Instinctively we like to learn NEW things. You might read this article with the goal of learning something you didn’t know.
If that outcome is achieved you will get a rush of dopamine, the reward chemical. You will feel good and you will have updated your beliefs.
Updated your beliefs? Now, that sounds like a stretch beyond learning. It might suggest that your beliefs are outdated, inaccurate or even wrong.
If I told you that what you believe about the world is wrong, it’s possible that you’d instinctively defend your position and aim to prove that it is me that is wrong.
So, here’s the paradox, we like to learn but we don’t like to change.
In particular we don’t like to change our beliefs.
Psychologists David Dunning and Justin Kruger found that self-belief, or confidence in our beliefs, is corelated to low competence. Who would believe that?
Confidence is something we all want. “If only I was less confident”, said nobody ever!
However, by being less confident we open up to the possibility of learning and updating our beliefs.
This graph shows a rudimentary view of The Dunning-Kruger effect. High confidence equals low competence (far left). Expertise (far right) is good, but rare, and equates to mastery. For example, a Chess Grand Master. There’s room for learning, but their experience and results justify a high level of confidence.
Who thinks it’s good to be average? Well, here it is. Having an average level of competence (the middle), or being open to learning, results in an average level of confidence.
On the path to mastery this is a belief that will hold you to your humility and keep you learning.
The Dunning-Kruger effect suggests that it’s common to over-estimate our ability, knowledge and understanding of subjects or experiences. This begets confidence and a belief that we know much of what there is to know.
In Shakespeare's As You Like It, the court jester, Touchstone, lectures William, a countryman and minor character, “The fool doth think he is wise, but the wise man knows himself to be a fool.”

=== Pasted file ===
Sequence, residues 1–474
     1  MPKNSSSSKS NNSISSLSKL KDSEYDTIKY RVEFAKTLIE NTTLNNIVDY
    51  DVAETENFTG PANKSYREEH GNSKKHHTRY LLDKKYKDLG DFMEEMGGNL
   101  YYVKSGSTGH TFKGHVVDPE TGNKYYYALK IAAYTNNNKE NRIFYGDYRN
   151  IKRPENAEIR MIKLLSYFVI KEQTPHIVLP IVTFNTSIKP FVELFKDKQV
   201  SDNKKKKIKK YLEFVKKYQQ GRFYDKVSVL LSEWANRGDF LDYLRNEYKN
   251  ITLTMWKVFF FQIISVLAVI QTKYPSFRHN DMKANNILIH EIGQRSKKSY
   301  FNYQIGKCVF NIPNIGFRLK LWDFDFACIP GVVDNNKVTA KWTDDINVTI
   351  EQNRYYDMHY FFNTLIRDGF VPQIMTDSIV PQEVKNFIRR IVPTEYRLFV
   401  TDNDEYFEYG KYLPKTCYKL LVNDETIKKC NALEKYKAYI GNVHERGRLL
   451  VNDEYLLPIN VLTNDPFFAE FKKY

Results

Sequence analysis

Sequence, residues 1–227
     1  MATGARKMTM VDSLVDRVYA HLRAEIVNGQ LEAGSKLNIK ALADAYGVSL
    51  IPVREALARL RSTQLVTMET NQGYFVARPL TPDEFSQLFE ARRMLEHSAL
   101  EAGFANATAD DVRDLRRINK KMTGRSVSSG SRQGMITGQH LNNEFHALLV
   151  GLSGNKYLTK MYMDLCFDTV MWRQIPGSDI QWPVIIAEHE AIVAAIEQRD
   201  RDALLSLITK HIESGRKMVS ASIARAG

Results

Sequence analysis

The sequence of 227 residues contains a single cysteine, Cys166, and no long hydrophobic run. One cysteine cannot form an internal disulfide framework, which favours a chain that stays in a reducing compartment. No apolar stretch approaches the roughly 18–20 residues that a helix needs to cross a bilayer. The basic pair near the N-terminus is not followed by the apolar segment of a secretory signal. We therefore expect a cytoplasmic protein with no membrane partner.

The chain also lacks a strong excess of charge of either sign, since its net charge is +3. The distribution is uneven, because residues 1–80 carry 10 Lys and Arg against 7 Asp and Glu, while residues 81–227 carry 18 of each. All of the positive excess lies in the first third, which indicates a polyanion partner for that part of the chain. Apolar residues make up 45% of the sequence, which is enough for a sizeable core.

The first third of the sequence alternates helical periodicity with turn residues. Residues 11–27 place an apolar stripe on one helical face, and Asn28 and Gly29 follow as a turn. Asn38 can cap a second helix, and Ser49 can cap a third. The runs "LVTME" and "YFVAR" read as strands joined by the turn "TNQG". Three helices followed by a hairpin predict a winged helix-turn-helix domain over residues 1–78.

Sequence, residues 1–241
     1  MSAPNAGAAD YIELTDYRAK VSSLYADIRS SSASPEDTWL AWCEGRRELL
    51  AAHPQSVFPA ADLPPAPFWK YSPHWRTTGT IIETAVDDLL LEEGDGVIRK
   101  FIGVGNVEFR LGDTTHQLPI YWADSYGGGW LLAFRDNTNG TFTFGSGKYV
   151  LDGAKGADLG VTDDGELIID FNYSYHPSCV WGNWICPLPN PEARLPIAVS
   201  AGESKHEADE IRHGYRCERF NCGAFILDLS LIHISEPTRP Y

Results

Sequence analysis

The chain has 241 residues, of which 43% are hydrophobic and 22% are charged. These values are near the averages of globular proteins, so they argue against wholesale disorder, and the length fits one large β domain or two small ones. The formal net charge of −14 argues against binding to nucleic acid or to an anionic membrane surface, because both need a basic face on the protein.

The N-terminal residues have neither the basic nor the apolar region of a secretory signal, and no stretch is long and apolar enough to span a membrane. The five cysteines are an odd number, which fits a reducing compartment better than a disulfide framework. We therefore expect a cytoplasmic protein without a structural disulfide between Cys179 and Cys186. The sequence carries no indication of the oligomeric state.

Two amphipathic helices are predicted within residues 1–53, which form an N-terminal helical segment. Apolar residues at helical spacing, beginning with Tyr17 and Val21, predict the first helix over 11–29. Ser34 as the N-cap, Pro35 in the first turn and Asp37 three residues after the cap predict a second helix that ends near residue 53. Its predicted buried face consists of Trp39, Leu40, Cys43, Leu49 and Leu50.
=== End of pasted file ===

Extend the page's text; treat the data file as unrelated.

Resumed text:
“The trouble with ignorance is it can feel like expertise.”
Whilst many of us would instinctively sign up to being humble and open to learning we often miss blind spots that empower our ignorance. This is because our identity is under threat.
Our identity is a catch all for our beliefs. Politics, religion, ethics, values, democracy, diversity, inclusion and leadership along with many other topics are subjects on which we are likely to have formed beliefs over a period of time. Are we continually updating those beliefs or are we pretty sure of our position?
The surer we are the more likely it is that we are wrong. Why? Because we have closed the door to learning and changing.
At Arcadia Consulting we train and coach hundreds of leaders every year and in the face of the pandemic we recently launched a research paper and programme solutions called Rebuilding the World's Confidence.
The pandemic has shaken the world and our belief about our health and wellbeing. This has also led to a loss of confidence in economic prosperity and human interaction.
So, we are suggesting that the role of leaders is to help rebuild that confidence. The confidence we want to engender, amongst other things, is optimism and resilience.
This is not the confidence that means we are right. This is confidence aligned to humility and openness to learning. The confidence to update our beliefs and to change the way we lead.
What we know more than ever is that we can’t predict the future and that’s a good thing. It’s counterintuitive to view uncertainty as a good thing, but the less sure we are the more open we are to change.
Now, that’s an empowering belief to update.
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